Banksia ilicifolia, commonly known as holly-leaved banksia, is a tree in the family Proteaceae. Endemic to southwest Western Australia, it belongs to Banksia subg. Isostylis. It is generally a tree up to 10 metres tall with a columnar or irregular habit. Its leaves are a dark shiny green colour, and variously obovate, elliptic, truncate or undulate.
About Banksia ilicifolia in brief
Banksia ilicifolia, commonly known as holly-leaved banksia, is a tree in the family Proteaceae. Endemic to southwest Western Australia, it belongs to Banksia subg. Isostylis, a subgenus of three closely related Banksia species with inflorescences that are dome-shaped heads rather than characteristic Banksia flower spikes. It is generally a tree up to 10 metres tall with a columnar or irregular habit. Its leaves are a dark shiny green colour, and variously obovate, elliptic, truncate or undulate in shape, and 3–10 cm long. Unlike its close relatives which are killed by fire and repopulate from seed, Banksia iliifolia regenerates after bushfire by regrowing from epicormic buds under its bark. It has been confused with Banksia silis, which has been described as a ‘various’ of the same species. It usually grows as an erect tree upto 10 metres in height, but some populations along the south coast consist of small trees or even spreading shrubs. The inflorescence is initially yellow but become red-tinged with maturity; this acts as a signal to alert birds that the flowers have opened and nectar is available. The cotyledon leaves sit atop the stout hypocotyl, which is green and smooth. The first set of leaves measure to 2.5 cm in length, with triangular lobes or lance lance with three or four lobes in each margin.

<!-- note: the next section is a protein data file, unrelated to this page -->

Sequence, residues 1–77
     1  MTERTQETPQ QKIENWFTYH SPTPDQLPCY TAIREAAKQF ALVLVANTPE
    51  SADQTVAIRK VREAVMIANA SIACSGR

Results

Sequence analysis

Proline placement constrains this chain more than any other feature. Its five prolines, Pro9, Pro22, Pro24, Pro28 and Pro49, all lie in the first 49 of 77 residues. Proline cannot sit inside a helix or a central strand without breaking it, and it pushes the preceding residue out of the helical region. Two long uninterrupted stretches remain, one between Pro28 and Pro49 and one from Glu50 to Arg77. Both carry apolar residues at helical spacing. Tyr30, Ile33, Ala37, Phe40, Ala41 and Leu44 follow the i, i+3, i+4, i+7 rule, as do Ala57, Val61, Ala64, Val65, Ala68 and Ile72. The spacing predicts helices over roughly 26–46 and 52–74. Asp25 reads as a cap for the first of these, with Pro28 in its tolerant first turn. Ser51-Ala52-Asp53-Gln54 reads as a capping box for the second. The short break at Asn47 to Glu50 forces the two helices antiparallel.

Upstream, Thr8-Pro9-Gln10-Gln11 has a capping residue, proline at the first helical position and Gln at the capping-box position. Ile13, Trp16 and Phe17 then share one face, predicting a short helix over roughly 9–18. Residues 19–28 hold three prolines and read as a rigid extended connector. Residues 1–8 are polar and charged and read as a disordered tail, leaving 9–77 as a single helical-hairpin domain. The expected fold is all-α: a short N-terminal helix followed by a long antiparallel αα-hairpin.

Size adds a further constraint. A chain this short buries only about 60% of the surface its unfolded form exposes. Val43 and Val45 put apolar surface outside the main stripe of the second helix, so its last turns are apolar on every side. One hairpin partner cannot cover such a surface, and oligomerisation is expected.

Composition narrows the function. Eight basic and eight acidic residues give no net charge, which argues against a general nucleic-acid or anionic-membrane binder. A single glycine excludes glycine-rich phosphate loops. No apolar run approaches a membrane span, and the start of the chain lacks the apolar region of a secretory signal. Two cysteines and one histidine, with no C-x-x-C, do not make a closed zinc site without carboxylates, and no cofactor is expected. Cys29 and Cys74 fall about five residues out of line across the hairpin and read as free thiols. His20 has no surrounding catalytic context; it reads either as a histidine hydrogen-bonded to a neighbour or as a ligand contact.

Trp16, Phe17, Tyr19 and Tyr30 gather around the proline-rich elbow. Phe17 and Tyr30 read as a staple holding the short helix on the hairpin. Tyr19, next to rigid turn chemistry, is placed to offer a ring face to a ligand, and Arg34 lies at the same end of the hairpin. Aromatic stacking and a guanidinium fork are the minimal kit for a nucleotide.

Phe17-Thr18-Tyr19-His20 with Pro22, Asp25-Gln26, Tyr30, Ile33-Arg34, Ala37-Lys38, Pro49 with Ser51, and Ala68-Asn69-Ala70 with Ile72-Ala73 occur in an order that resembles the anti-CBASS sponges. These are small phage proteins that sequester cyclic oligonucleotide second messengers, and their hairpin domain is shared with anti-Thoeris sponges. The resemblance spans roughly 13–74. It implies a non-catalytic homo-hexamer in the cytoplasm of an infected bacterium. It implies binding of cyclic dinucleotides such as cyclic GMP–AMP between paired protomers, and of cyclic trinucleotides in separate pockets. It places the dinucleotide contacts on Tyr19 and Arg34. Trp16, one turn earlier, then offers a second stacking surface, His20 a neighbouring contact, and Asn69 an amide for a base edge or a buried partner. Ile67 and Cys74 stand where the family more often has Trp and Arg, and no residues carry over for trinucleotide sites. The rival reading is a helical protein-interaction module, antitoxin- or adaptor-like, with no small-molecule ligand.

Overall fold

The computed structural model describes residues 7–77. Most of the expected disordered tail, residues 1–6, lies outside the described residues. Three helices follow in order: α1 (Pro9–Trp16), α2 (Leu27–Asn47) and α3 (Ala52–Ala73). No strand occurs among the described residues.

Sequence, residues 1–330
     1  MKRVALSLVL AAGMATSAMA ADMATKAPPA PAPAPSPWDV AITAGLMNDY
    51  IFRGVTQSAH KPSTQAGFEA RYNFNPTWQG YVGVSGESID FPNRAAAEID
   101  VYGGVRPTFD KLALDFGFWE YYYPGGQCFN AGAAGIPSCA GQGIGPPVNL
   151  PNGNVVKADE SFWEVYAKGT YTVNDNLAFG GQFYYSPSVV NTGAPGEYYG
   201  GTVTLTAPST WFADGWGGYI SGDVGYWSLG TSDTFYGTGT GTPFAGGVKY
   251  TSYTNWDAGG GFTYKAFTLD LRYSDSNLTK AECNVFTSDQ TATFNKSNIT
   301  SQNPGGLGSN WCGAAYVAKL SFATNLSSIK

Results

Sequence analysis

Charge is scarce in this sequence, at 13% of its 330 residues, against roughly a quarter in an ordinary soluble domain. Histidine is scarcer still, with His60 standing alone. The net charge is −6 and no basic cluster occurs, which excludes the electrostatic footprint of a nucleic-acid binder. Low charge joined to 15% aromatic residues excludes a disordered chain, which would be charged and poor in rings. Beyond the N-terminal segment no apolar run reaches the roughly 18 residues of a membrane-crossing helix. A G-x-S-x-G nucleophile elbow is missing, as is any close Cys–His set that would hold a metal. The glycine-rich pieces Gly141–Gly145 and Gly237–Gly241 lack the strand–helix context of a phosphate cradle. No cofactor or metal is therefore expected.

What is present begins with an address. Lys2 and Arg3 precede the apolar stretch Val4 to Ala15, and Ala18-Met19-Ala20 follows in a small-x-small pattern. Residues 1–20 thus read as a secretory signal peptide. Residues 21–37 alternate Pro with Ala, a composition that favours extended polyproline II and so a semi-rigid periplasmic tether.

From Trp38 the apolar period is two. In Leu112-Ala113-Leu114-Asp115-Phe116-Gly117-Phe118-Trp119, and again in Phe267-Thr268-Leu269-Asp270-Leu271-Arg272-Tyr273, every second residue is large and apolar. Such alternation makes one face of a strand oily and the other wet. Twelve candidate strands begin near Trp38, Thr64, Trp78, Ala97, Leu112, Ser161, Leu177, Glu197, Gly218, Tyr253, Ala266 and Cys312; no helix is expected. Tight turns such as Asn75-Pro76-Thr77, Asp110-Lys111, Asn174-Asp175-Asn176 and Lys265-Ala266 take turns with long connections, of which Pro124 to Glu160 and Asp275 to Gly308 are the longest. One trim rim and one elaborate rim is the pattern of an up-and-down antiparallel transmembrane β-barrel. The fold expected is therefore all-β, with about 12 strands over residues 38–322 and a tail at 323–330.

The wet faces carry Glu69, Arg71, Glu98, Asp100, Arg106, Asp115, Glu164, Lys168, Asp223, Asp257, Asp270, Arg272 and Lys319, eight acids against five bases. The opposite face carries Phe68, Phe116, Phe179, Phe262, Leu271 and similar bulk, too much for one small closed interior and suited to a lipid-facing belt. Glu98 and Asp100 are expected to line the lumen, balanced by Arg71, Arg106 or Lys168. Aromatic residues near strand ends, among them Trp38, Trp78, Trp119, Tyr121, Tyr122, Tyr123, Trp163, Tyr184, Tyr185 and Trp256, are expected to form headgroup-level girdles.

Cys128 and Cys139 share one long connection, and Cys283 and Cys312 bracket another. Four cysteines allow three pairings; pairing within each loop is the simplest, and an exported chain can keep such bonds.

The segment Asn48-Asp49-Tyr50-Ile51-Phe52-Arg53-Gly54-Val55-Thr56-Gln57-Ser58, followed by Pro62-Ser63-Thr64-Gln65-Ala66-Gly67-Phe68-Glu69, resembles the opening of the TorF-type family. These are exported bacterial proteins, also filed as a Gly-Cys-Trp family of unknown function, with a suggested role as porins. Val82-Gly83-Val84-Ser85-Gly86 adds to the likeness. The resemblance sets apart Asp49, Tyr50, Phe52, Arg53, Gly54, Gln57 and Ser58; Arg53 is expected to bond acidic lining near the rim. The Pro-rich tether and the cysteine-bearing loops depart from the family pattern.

The upper and undersurface of the leaves are initially covered in fine hairs but become smooth with maturity. The seedling leaves are crowded above the cotYledons. These lobes are smaller toward the apex and apex of the leaf and cover the upper and lower leaf surfaces in spreading, spreading, fine hairs. In the Margaret River region, the leaf surfaces are 5 cm wide by 3 cm wide by 1 1/2 to 3 1/4 cm in length. The leaves have no visible nerves or markings, they measure 8 to 13 mm long by 12 to 18 mm wide and range from convex to concave. The pointed spreading auricles are 1. 5 mm in diameter, and bear 60 to 100 individual flowers. One to three follicles develop from fertilised flowers, and remain embedded in the woody base of the flower head. Each follicle bears one or two seeds. New growth takes place mainly in summer. Young branchlets are covered in hair which they lose after two or three years, and are arranged in a scattered pattern along the stems although crowded at the apices. Resembling those of holly, its leaves are a dull green with no visible nerve or markings. They are lined with triangular Lobes or “teeth” separated by broad v- to u-shaped sinuses along each side, although some leaves have margins lacking teeth.